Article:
This weekend I received a 1970’s Japan made Hohner Telecaster. These old Hohner’s have a nice solid feel to them and good resonance even though the bodies are made out of plywood, or some form of wood sandwiched together. Having said that, this Telecaster is extremely heavy so maybe they sandwiched a chunk of mahogany together with an ash or alder top layer. This would have put me off if I wasn’t so gay for my old beat up Hohner Strat. This was one of the first Japan made guitars I bought, I found it in a charity shop in Camden in London for £50 in 2009. It’s not the best Strat I have ever played but the neck is really chunky and the pickups sounds really good. It’s the same with the new Hohner Telecaster, pretty nice neck and great pickups. The neck pickup actually sounds a bit like the in-between neck and middle position on a Strat. I would have preferred that the Telecaster neck was a wee bit thicker, but it’s still very playable. Hohner only produced guitars in Japan for a couple of years during the late 1970’s and later moved to Korea like a lot of other brands. I really enjoy this Telecaster but I have too many guitars at the moment and therefore it’s up for sale.
Moridaira (Morris Guitars)
Founded in 1967 by Toshio “Mori” Moridaira, the Moridaira factory produced high-quality guitars, including the infamous Morris badged guitar. Moridaira also produced badged guitars for Hohner including Coronado, Futurama, H.S. Anderson, Lotus (some) and Sakai.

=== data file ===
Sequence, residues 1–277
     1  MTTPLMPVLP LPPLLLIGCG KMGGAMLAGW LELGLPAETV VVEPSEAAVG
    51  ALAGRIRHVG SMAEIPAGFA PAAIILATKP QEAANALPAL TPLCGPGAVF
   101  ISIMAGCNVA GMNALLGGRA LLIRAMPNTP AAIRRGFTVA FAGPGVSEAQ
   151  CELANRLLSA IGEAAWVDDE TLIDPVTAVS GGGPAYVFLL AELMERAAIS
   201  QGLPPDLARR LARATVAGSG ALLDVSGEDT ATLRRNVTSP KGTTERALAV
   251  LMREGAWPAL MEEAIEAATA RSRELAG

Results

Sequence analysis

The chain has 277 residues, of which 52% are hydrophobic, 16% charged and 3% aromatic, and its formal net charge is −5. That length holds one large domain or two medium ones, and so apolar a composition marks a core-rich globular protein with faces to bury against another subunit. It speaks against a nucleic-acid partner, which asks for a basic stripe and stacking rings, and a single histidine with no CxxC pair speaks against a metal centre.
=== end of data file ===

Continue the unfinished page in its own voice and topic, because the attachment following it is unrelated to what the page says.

One thing that would prove the Hohner connection to Moridaira would be Prince’s Telecaster. He used to play a a H.S. Anderson Mad Cat, as I mentioned in a previous post. Hohner later copied the Mad Cat, first in Japan and later as the Prinz guitar made in Korea by Cort. Those early Mad Cats under Hohner was made by Moridaira. “A little over 500 Mad Cats were made during the ‘70s, including a small batch made OEM for Hohner USA with a Hohner logo in the H.S. Anderson style. Pop artist Prince discovered one of these rare guitars early on in his career, and used it live and on countless hit-records like Purple Rain, 1999, Controversy, etc. for over 30 years now.” Taken from the history page at Mad Cat guitars
I took the guitar a part to look over the electronics and give it a good clean and set it up properly. The Switch is a bit worn so I will order a new one and replace that but the Japanese 500k pots are crackle free so I will keep the rest. This one is wired in an even weirder way than my Greco, with the ground from the bridge going to the first post on the treble pot. There were two big chunks on the back of the neck that was either worn or sanded down, which I didn’t like. I applied some Nitrocellulose lacquer with a sponge for not getting any sharp edges around, which worked pretty well, and then sanded it smooth with 2500 grit paper.
Update: August 30, 2014 I got around to change the 3-way switch so now I finally got to hear the bridge pickup, not bad at all. I also bought 6 new screws that I cut since the original ones were really annoyingly long. When I got this guitar the action was too low for me and when I raised the saddles the screws that are holding them in place almost touched the strings so I decided to replace them with something shorter. I really starting to like this Telecaster now, it has a great twang and feel to it.